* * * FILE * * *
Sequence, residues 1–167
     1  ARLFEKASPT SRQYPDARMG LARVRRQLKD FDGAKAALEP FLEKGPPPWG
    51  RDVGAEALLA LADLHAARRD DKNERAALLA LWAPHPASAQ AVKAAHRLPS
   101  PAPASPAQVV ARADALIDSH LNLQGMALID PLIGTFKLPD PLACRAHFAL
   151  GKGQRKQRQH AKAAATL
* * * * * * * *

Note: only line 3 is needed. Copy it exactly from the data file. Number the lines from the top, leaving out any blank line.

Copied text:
    51  RDVGAEALLA LADLHAARRD DKNERAALLA LWAPHPASAQ AVKAAHRLPS